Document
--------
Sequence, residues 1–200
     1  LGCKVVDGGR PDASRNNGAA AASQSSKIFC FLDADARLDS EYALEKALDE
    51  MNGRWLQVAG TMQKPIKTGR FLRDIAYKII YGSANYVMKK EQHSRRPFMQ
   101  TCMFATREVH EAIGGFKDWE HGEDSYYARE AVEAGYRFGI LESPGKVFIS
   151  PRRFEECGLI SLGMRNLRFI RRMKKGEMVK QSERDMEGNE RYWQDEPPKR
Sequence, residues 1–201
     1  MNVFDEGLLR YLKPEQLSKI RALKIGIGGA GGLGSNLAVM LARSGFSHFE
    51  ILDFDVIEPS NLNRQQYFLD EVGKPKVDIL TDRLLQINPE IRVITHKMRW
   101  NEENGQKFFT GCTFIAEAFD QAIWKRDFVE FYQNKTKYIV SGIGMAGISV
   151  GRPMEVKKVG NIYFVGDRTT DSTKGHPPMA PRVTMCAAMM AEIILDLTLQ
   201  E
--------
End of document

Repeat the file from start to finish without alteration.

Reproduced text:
Sequence, residues 1–200
     1  LGCKVVDGGR PDASRNNGAA AASQSSKIFC FLDADARLDS EYALEKALDE
    51  MNGRWLQVAG TMQKPIKTGR FLRDIAYKII YGSANYVMKK EQHSRRPFMQ
   101  TCMFATREVH EAIGGFKDWE HGEDSYYARE AVEAGYRFGI LESPGKVFIS
   151  PRRFEECGLI SLGMRNLRFI RRMKKGEMVK QSERDMEGNE RYWQDEPPKR
Sequence, residues 1–201
     1  MNVFDEGLLR YLKPEQLSKI RALKIGIGGA GGLGSNLAVM LARSGFSHFE
    51  ILDFDVIEPS NLNRQQYFLD EVGKPKVDIL TDRLLQINPE IRVITHKMRW
   101  NEENGQKFFT GCTFIAEAFD QAIWKRDFVE FYQNKTKYIV SGIGMAGISV
   151  GRPMEVKKVG NIYFVGDRTT DSTKGHPPMA PRVTMCAAMM AEIILDLTLQ
   201  E